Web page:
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III. Rosie 2.0

At the end of Rosie Patrol, Rosie received a long overdue makeover, and was given a random digit with a meaningless decimal point for no particular reason.

Yes, please do keep up!  Rosie is now Rosie 2.0, didn't you know?  And we even have a word cloud that goes with it.

With her ineffective decimal point comes great responsibility; and - quite simply - people start to expect more.  Which means we have 10 more mini-trips to take her to places she's not been before... quite literally.  And possibly start to demonstrate the true wonders of robotics and navigation (but we're not promising anything).

1PiAMI HEATUse a DS18B20 digital temperature sensor to take temperature readings, and turn on a LED and fan.  Or alternatively use a DHT11 combined temperature / humidity sensor.
2Crawly creepyStart to make use of your servos to make your robot crawl creepily. And suffer from the cruelties of torque.
32 crawly 2 creepyNope, that wasn't creepy enough. Let's control some LEDs, print off a 3D mask, and replace the servos to make this... creepier.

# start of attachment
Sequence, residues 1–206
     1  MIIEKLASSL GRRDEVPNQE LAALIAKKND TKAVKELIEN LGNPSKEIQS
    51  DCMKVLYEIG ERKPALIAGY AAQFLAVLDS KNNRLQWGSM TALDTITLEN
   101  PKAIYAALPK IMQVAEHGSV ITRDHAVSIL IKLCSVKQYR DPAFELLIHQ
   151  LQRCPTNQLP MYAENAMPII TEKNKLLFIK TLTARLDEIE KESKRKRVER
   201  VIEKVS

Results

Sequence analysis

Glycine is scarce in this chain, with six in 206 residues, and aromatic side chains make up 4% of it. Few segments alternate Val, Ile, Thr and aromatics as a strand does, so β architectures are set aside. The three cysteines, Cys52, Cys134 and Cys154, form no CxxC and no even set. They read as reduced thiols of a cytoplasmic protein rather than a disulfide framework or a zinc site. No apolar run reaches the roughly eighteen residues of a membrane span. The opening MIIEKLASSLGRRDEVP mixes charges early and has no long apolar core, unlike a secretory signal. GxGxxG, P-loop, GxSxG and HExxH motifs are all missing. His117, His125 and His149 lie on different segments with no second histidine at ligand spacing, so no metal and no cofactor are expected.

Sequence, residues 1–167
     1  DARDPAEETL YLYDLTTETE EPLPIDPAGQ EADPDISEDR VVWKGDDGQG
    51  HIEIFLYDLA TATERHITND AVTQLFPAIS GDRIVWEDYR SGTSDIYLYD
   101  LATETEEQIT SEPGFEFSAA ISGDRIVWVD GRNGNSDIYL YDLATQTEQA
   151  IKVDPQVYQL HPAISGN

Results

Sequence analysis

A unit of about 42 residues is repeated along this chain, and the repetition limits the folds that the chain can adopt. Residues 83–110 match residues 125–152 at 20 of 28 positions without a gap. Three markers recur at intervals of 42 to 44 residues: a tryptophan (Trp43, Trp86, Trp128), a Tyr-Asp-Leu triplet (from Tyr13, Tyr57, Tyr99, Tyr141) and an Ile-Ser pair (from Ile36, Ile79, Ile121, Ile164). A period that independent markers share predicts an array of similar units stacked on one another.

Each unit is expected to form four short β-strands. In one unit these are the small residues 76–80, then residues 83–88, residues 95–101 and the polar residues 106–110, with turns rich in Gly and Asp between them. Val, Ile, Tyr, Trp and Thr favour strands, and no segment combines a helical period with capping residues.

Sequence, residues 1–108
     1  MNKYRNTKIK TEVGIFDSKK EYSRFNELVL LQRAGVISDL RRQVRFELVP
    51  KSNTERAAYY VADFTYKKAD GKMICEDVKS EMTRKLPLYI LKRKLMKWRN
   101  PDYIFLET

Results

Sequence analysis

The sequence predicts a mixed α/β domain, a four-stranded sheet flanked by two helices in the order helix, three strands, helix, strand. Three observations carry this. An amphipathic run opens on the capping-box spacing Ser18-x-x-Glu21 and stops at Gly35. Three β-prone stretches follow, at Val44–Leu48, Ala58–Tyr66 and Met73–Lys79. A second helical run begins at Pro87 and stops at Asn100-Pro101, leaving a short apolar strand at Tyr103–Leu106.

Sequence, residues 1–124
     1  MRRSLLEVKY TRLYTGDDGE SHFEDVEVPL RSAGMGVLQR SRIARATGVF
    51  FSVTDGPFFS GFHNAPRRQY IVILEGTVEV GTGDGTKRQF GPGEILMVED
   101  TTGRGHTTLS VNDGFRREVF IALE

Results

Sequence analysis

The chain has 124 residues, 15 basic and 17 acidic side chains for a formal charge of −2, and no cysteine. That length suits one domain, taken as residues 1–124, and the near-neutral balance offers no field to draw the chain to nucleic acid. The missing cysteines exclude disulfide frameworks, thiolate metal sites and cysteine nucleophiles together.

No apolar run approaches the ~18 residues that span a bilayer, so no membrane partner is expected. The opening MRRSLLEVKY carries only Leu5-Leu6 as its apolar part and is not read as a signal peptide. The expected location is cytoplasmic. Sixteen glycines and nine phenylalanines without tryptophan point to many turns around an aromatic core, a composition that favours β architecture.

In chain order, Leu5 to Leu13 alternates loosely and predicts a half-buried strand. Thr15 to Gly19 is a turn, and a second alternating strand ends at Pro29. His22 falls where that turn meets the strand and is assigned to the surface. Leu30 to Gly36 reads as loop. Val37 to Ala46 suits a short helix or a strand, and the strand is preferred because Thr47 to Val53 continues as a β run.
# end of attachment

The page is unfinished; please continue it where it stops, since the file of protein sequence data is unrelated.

4Balancing the booksUse a MPU6050 3-axis gyroscope / accelerometer to work out pitch and roll (not rock and roll). Display readings on an atrocious "display" using Python curses.
5Shaken not steeredCrash, bang, wallop! You could have done with a SW-520D tilt / vibration sensor.
6El-oh-wireA post about controlling EL wire using a relay? Or just an excuse to see how many AC/DC song titles can be stowed away in a post.
7Raspberry bye, helloA quick detour away from the Pi to use ESP8266 with a DS18B20 digital temperature sensor to send back readings to the Pi.
8Red current and serialUse ACS712 current sensors, an ADS1115 analogue to digital converter, ESP8266 and Raspberry Pi to monitor servo current draw. Utilise Mosquitto MQTT broker, Flask and SocketIO to transfer and display real-time data.
9Taking a peakWe go trekking in the Brecon Beacons, equipped with a Raspberry Pi and a U-Blox GPS receiver.
10This["orientated"]Confirmed sightings of IoT aliens. Time to build a Raspberry Pi based tracking device, using a GPS receiver and a magnetometer. All in the name of defending Planet Earth, of course.

You'll get to tackle:

  • Of course, the venerable Raspberry Pi returns, complete with Raspbian OS
  • ...And we get to make a new friend: the teeny ESP8266 running MicroPython
  • A barrel full of new hardware is rolled out, like the DS18B20 temperature sensor, DHT11 combined temperature / humidity sensor, SW-520D tilt / vibration sensor, ACS712 current sensor, LEDs, EL wires and ADS1115 analogue to digital converters
  • We're introduced to IMUs... first the MPU6050 3-axis gyroscope / accelerometer, then a MPU9250 with the magnetometer
  • U-Blox GPS receivers (both USB and UART variants) make a return for our GPS projects
  • We get deeper involved in Python, with particular focus on Flask, MQTT and Web Sockets
  • ...And we encounter JavaScript, Socket.IO and HTML5
  • We all love a good display. LCDs, OLEDs and TFTs make long overdue appearances.